These aims and others which will become apparent below are achieved by means of the composite material which comprises at least one layer (A) forming the substrate of III-V compound and one epitaxial layer (B) on said layer of III-V compound, said epitaxial layer corresponding to the empirical formula REPc, where RE is chosen from the group comprising the rare earths (scandium, preferably yttrium, lanthanum, lanthanides, and their mixtures); and where Pc is chosen from the elements of column V of the periodic table of the elements and their mixtures, and, when Pc is or contains arsenic, the compound REPc is at least a ternary compound.
FIG. 1 is a drawing of the epitaxial layers in accordance with the present invention.
FIG. 2 shows the results of x-ray defraction of various epitaxial layers grown on GaAs in accordance with the present invention.
FIG. 3 shows certain mesh and resistivity parameters for ErAs, ErP and ErPy As1-y layers deposited or grown epitaxially on GaAs (001) and on InP (001), as a function of the PH3 PH3 +AsH3 ratio of the fluxes during growth.
FIG. 4 shows the x-ray diagram obtained with the stack of Example 3 in which the oscillations observed indicate that the layer of ternary compound produced by epitaxy and the layer of gallium arsenide produced by re-epitaxy are of good crystal quality.
FIG. 5 shows the retrodiffusion spectrum of helium ions charged once in accordance with Example 3.
A III-V compound is to be understood to mean the compounds having a structure of the zinc blende type in which the III compounds are chosen from the group comprising aluminum, gallium, indium and their mixtures. The mixtures can thus be ternary mixtures.
The V compounds are chosen from the group of elements comprising phosphorus, arsenic, antimony and their binary mixtures.
It should be noted that the metalloid compounds of column V with the metals are increasingly being designated by the term pnictides.
The present invention is based on the surprising finding that the pnictides, in particular the ternary or quaternary mixtures according to the present invention, have a conductivity which can be regarded as metallic and this despite a prior art (cf. the article by F. HULLIGER, entitled "Rare Earth Pnictides" in the Handbook on the Physics and Chemistry of Rare Earths, edited by K. A. Gschnelder Jr. and Jr. and L. Eyring, North Holland Publishing Company 1979) which indicated that the phosphides, arsenides and antimonides of rare earths were generally regarded as semiconductors or having very high resistivities incompatible with a use in microelectronics as a metallic layer.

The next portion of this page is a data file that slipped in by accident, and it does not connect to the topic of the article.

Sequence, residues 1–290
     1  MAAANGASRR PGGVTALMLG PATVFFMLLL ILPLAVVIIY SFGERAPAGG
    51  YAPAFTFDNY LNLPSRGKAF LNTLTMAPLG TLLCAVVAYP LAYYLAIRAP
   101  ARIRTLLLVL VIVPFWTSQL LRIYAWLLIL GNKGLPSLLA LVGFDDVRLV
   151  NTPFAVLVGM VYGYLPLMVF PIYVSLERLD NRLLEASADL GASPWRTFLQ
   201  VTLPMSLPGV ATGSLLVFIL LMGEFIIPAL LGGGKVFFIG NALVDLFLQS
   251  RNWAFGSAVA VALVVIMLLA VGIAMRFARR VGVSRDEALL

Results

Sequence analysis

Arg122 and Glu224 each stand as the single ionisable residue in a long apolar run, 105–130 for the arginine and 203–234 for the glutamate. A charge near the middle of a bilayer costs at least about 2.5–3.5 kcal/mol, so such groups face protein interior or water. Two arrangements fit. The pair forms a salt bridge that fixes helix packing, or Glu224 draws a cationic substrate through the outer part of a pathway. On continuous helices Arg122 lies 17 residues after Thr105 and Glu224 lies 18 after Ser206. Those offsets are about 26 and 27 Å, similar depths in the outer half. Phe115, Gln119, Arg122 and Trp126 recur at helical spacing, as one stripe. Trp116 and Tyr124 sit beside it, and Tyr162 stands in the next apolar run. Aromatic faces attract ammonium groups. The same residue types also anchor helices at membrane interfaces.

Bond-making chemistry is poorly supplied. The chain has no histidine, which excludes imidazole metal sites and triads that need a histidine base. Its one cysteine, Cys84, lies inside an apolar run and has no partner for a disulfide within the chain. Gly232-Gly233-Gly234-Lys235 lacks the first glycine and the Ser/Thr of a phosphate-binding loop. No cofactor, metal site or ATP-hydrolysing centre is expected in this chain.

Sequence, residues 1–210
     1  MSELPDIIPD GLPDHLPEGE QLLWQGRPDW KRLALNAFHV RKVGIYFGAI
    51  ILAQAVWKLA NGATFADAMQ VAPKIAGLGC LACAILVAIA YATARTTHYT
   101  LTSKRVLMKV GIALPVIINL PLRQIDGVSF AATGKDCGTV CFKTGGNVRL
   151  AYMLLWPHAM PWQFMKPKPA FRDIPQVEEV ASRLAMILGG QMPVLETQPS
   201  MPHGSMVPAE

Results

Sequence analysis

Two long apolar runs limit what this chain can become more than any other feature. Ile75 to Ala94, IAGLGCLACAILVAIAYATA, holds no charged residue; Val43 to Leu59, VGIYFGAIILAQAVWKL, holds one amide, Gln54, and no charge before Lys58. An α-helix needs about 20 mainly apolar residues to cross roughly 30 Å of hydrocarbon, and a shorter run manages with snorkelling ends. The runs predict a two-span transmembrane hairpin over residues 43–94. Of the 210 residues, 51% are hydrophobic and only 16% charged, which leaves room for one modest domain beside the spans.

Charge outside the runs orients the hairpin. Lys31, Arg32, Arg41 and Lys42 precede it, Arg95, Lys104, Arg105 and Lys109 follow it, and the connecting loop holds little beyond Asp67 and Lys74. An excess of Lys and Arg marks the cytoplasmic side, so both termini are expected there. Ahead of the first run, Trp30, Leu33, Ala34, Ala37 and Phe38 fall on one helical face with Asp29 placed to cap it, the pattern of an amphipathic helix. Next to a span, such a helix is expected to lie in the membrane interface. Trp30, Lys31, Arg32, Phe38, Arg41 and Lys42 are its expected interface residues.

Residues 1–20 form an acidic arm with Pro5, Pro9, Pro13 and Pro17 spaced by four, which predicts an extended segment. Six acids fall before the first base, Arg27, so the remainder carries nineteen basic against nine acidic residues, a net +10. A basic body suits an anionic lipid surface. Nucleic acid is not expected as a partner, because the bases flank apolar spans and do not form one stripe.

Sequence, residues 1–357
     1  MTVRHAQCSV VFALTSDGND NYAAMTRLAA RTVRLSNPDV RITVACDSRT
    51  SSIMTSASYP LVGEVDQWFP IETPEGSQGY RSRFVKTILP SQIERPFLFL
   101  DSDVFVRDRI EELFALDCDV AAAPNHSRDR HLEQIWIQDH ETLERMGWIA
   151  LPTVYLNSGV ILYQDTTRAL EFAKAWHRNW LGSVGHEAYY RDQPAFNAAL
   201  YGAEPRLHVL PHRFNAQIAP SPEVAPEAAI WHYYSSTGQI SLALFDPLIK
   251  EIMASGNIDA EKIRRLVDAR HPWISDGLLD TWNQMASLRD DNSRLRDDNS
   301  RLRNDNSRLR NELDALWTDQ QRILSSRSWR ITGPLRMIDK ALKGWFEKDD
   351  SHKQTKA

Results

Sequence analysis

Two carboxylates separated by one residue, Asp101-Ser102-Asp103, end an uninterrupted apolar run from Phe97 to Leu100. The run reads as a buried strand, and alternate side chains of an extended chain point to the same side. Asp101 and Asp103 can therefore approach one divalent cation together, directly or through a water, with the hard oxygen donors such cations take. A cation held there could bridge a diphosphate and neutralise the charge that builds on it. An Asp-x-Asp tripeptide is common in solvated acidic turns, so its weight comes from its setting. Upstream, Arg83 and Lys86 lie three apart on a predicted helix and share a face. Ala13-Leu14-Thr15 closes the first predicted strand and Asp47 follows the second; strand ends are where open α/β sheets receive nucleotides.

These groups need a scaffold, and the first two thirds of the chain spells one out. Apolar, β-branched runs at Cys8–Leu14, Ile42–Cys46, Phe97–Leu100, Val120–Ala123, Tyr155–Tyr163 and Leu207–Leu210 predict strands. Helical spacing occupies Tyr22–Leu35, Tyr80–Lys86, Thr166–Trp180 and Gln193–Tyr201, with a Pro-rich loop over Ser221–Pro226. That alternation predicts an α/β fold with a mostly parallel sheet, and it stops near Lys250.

More recently, two articles have described the production of layers of ytterbium arsenide and erbium arsenide having metallic electrical properties ("Analysis of ytterbium arsenide films grown on GaAs by molecular beam epitaxy" already cited and "Epitaxial growth of ErAs on (100)GaAs" by C. J. PALMSTROM, N. TABATABAIE and S. J. ALLEN, Jr. Bellcore, Appl. Phys. Lett. 53(26), 26 December 1988, pages 2608-2610).
These two articles did not enable it to be determined whether the resistivities found were particular cases linked to specific characteristics of ytterbium or erbium, or whether these new properties were linked to the composition or to the structure of the epitaxial layer.
Furthermore, for numerous applications of the present invention it was necessary for the ternary or quaternary compounds to have the properties of metallic layers.
Furthermore, both the study which led to the present invention and the studies which led to the abovementioned publications have shown that the pure rare earth arsenides were extremely reactive in air and lost their properties very rapidly. In the case of ytterbium and erbium arsenides, the problem is complicated by the fact that it is difficult to restore a protective epitaxy of gallium arsenide on these layers of ytterbium or erbium arsenides.
Surprisingly, it has been possible to demonstrate that the pnictides, and in particular the ternary or quaternary compounds according to the present invention, had much better resistance and were much more stable than the ytterbium or erbium arsenides, this being the case in particular when phosphorus is used as the element of column V of the periodic table of the elements.
The ratios of the constituents in the ternary or quaternary compounds are adjusted such that the mesh agreement will be as perfect as possible. The agreement is advantageously effected such that the variation in the mesh parameters (Δa/a) is less than 2% or even than 1%, and preferably 0.5 to 1%. Discrepancies of less than 0.1% are sufficient to be sure that all problems will be avoided.
According to the present invention, all the tests with the appropriate ternary compounds have enabled a mesh discrepancy of at most a few (three or four) 10-4 to be found. In some cases it was not possible to detect any discrepancy.
The epitaxial layers in general have a resistivity of between 50 and 200 micro-ohms/cm, which corresponds to a "metallic conductivity" value.